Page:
The future of teachers' pay: time to send a better price signal

The future of teachers

At the peak of their careers, teachers earn less than electricians, physios, PR people and chiropractors and half that paid to lawyers and finance managers.

What we pay people – especially those at the top of their game – says a lot about what we value. 

As we to look towards a post-Covid-19 world we need to think about what signals we send young people making initial career choices and those planning the rest of their working lives. 

Currently we are sending the wrong signal about teaching.  And that message has been deteriorating over the years. 

There are two fundamental problems.

The first concerns the slide in teachers’ pay compared to other professionals in Australia. In 1986 female teachers earned 102% of the female professionals’ average and male teachers earned 99% of the male professionals’ average. By 2018 the position of teachers had worsened- women teachers earning 93% and male teachers earning 84% of the respective professionals’ average. 

The second concerns their flat earnings profile. While entry level wages for teachers are relatively high, the top of the teacher’s pay scale in Australia is compressed relative to that paid to their peers in many OECD countries and most other professions in Australia.

What needs to be done?

Research released today points to the need for a sizeable increase (minimum of 10-15%) in teachers’ wages. This would restore teachers’ pay relative to that earned by the average professional to that which prevailed 30 years ago. 

This must be accompanied by solutions to the problem of the teacher’s compressed wage structure. Top teachers need to be paid significantly more. Compared to nearly all other professionals in Australia, experienced teachers are paid significantly less than experienced lawyers, engineers and ICT professionals. These professionals have significantly higher rates at the top of the scale (in the range of 30 – 50 per cent higher than those at entry level).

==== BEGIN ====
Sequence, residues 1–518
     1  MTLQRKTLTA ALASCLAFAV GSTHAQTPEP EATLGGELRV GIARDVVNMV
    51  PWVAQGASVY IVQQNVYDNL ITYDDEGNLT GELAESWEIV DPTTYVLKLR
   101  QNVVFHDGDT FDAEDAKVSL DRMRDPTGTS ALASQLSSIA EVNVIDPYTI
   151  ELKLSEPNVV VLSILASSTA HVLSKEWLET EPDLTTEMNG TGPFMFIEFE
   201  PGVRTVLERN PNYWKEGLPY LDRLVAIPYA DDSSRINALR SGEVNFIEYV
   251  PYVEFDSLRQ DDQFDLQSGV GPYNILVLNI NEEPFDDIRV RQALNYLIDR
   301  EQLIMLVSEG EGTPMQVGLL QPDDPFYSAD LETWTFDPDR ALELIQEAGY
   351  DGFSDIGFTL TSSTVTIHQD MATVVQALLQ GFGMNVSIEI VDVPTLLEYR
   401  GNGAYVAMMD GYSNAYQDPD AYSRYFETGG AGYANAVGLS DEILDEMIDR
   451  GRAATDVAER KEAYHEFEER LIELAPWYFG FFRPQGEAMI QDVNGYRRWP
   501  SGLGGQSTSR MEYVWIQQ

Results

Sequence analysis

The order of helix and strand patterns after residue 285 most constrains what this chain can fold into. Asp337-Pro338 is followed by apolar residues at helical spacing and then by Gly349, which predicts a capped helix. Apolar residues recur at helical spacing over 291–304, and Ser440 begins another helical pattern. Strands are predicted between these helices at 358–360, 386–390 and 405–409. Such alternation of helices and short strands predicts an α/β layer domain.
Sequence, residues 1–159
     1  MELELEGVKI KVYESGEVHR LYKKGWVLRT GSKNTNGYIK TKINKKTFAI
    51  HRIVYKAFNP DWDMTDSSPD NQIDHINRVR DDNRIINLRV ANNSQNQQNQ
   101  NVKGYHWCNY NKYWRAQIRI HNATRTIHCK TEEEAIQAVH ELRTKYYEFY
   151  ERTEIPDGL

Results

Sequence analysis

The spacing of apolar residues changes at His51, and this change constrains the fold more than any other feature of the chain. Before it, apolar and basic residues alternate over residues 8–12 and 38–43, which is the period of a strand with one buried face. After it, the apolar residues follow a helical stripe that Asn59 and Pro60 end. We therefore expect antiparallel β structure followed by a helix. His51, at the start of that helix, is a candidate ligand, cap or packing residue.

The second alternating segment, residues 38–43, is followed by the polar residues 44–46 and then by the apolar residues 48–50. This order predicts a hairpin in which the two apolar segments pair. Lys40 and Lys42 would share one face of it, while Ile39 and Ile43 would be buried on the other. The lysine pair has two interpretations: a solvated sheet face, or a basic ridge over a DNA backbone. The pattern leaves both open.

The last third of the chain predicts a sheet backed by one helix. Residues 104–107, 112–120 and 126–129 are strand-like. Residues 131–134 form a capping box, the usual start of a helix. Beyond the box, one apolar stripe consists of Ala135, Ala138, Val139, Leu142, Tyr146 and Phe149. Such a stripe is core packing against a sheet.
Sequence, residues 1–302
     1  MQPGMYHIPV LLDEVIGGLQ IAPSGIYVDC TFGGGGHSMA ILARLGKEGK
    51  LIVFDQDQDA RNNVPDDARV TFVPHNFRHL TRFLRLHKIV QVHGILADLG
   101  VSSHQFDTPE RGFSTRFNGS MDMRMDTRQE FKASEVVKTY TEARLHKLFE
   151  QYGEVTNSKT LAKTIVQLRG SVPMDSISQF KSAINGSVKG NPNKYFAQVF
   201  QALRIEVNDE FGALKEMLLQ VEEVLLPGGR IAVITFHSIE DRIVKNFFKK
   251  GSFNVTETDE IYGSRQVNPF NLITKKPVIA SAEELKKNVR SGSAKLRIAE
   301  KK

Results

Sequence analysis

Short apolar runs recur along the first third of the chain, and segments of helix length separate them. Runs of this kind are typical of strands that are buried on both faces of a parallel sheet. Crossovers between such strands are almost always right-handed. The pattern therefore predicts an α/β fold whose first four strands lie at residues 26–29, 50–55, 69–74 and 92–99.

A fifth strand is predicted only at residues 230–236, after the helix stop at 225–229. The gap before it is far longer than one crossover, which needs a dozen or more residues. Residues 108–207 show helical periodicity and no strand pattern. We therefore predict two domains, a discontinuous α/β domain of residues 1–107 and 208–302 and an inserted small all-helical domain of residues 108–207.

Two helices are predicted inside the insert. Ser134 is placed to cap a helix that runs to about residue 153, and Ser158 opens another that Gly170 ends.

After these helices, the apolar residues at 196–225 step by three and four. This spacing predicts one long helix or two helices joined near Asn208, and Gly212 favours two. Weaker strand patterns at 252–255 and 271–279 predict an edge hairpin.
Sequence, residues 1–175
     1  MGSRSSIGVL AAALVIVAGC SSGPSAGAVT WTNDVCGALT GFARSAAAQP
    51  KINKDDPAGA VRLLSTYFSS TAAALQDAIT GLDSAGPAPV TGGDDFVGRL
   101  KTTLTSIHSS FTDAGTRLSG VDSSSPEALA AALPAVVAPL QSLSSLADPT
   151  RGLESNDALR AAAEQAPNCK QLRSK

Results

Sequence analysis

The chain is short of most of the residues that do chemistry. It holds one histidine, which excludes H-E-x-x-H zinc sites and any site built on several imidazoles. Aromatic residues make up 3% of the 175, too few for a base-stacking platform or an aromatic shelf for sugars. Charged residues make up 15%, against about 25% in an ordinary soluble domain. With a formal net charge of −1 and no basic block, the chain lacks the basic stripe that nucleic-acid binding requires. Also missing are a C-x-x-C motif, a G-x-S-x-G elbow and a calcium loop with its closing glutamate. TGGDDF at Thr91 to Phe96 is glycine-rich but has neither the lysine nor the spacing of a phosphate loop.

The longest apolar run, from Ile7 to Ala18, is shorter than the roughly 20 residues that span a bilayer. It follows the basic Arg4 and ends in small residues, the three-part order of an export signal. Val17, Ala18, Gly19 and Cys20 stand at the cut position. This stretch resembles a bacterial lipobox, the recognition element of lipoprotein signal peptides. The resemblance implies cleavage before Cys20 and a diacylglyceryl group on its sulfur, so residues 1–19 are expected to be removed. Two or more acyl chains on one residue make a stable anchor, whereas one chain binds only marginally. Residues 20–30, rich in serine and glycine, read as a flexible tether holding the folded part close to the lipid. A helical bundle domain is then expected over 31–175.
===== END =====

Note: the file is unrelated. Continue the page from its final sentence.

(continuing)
As such, change needs to occur at two levels: the average paid to all teachers to rectify the historic slide in pay compared to all professions and a new, higher paid classification to the most skilled and experienced in the profession. 

Increasing the top wage rate would have the effect of increasing the attractiveness of teaching as a lifetime career and greatly increase the likelihood that the best teachers will be retained in the future.

Reports of looming teacher shortages are growing. This was recently acknowledged by the NSW Minister Sarah Mitchell. She noted in February that:

“I recognise there are issues with teacher shortages across the state. It’s pronounced in regional and regional areas, but I hear it from teachers based in the city as well. I am proactively considering ways in which we can better incentivise teachers to take up positions in rural and regional areas. … It is an ongoing challenge. I do think money is part of it. But it’s not the only part." (SMH 21/2/20)

And this is the situation before an anticipated, huge growth in student numbers.  According to Infrastructure NSW enrolments in NSW schools are projected to increase by approximately 300,000 (or around 20%) by 2036. Clearly urgent action is needed.

Conventional economic theory says employers should respond to current and emerging teacher shortages with higher wages.

As the Minister has noted, in practice pay alone is never the only solution to staff shortages. Equally it is difficult to overcome such problems without significant adjustments in remuneration. Increasing pay is an ‘essential ingredient’ in any serious policy package devised to attract and retain labour. 

Such movements send a signal. In this case it would make clear that teaching is as highly valued as many other occupations in society - professional and non-professional. 

An improved price signal, especially for those in the upper reaches of the profession, has the potential to profoundly change Australians’ career decisions. It would influence those at the beginning of their working lives, retain the best teachers in the system and help those interested in shifting to teaching at later stages in their careers make the move.

Professor John Buchanan, University of Sydney Business School. He is currently leading a multi-disciplinary team exploring on education and the future of work for UNESCO.